This old man's ears are still ringing from last night's Drive-By Truckers show at the Crofoot Ballroom in Pontiac. The opening act were southern-rockers The Dexateens. Both bands hail from the great State of Alabama. (For those keeping score, the evening featured ten players, six beards, two drummers, and 44 loudly amplified guitar strings).
If you like loud and fun rock shows with a good dose of intelligence and twang, be sure to check out the DBT's current world tour. The crowd at last night's show (which appeared to consist primarily of record store employees with a few lumberjacks and girlfriends sprinkled in) definitely got their money's worth.
In my opinion, the Drive-By Truckers are the best thing going in the field of "alt-country"* these days. I just wish they had been around back when I was 20 years old. As much as I like them now, I really would have loved them then. (Uncle Tupelo were great back in my time, but the DBT's seem a lot looser and generally more fun than I remember Uncle Tupelo being.)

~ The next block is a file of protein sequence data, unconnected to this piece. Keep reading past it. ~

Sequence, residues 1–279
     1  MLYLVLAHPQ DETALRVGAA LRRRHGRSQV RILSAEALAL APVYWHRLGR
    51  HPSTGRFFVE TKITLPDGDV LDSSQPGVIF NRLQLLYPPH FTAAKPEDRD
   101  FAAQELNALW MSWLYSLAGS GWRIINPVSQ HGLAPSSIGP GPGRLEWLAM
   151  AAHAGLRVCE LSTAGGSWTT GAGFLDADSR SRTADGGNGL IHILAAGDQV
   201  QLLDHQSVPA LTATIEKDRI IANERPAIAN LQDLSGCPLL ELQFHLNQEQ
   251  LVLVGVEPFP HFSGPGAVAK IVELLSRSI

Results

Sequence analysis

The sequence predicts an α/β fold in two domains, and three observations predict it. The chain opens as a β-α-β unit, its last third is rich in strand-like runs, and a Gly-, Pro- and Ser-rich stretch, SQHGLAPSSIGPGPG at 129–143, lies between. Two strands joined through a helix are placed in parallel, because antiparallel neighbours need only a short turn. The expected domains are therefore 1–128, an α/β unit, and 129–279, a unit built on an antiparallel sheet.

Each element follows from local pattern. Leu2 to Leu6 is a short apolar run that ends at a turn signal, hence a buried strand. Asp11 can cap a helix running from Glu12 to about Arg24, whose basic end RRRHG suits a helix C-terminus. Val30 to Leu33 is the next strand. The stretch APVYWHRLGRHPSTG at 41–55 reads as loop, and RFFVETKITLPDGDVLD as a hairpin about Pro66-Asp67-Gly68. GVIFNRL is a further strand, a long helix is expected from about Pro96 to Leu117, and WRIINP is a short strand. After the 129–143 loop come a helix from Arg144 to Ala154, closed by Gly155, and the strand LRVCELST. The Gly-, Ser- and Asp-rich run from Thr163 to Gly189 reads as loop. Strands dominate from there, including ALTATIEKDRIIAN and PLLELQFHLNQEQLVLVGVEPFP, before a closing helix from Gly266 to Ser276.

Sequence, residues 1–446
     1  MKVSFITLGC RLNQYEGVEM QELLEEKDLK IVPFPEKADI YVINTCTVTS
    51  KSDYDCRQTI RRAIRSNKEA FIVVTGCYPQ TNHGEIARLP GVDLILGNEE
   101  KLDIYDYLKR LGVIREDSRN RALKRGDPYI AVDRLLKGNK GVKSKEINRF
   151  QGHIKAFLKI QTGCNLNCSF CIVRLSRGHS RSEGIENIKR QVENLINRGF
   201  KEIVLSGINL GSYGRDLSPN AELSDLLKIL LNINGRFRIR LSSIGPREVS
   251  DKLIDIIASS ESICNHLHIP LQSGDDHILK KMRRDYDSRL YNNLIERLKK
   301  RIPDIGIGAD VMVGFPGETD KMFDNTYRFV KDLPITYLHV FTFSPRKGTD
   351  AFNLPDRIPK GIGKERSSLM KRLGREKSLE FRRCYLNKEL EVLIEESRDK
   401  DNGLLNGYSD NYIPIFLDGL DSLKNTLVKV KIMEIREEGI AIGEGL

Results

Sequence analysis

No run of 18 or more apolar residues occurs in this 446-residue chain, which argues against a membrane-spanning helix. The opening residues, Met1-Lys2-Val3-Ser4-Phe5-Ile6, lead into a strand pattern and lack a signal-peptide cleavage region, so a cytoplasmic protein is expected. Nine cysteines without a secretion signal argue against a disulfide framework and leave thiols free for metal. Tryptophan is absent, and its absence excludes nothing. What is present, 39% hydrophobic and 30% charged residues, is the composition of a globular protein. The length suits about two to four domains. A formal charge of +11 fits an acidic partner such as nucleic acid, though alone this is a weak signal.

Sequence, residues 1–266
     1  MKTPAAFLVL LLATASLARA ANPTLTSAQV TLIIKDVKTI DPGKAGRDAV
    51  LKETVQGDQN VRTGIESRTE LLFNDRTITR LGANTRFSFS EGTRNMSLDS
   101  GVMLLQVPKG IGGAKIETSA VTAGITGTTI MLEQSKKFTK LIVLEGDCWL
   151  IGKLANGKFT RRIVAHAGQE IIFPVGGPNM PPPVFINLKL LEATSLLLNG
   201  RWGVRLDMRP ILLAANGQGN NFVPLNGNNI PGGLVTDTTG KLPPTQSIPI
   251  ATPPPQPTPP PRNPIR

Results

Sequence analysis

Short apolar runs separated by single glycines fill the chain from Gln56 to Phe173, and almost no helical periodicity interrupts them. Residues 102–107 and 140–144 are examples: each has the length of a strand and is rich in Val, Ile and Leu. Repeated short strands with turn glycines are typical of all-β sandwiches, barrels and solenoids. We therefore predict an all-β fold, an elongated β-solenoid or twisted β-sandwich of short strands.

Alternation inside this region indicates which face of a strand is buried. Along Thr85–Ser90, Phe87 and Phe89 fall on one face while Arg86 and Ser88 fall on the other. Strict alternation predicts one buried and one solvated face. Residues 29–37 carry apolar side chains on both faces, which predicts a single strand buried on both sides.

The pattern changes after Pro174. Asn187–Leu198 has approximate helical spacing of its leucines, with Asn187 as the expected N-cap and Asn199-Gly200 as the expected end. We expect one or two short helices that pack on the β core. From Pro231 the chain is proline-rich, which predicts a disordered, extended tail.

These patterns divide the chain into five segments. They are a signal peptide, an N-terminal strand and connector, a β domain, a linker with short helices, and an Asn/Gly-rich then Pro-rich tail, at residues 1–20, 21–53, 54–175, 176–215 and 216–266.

Probably the coolest thing about the show was the encore when the DBT's invited some random Dexateens and a few female fans on stage for a jamming version of Jim Carroll's "People Who Died."
So here are some tracks for your listening enjoyment. The first two come from The DBT's new release Brighter Than Creation's Dark, which is my favorite album of 2008 so far. It's highly recommended if you are into rock or alt-country. For further details, check this insta-review or AMG.
Drive-By Truckers – Self Destructive Zones (buy album)
Drive-By Truckers – The Opening Act (buy album)
The Dexateens – Slender Thread (free album download)
The Jim Carroll Band – People Who Died (buy album)
Also check out this great live recording over at Captain’s Dead. Make sure you listen to "The Three Great Alabama Icons" and "George Wallace." (But note that the greatest Alabama icon goes unmentioned.)
All concert photos in this post were taken by me.
*We could get into a big discussion about whether the Drive-By Truckers really are "alt-country." The phrase is vague and ever-changing, much like the definition of alternative rock. To me it just means twangy rock. If you've got a drummer and a peddle steel player in the band, and you aren't playing straight country, there's a pretty good chance you're playing "alt-country." The first bands I ever heard described as "alt-country" were Uncle Tupelo and Whiskeytown. (Before then we had "cowpunk," "Americana," and "jangle rock.") The DBT's share a lot of common ground with those bands, so I'm sticking with the "alt-country" description.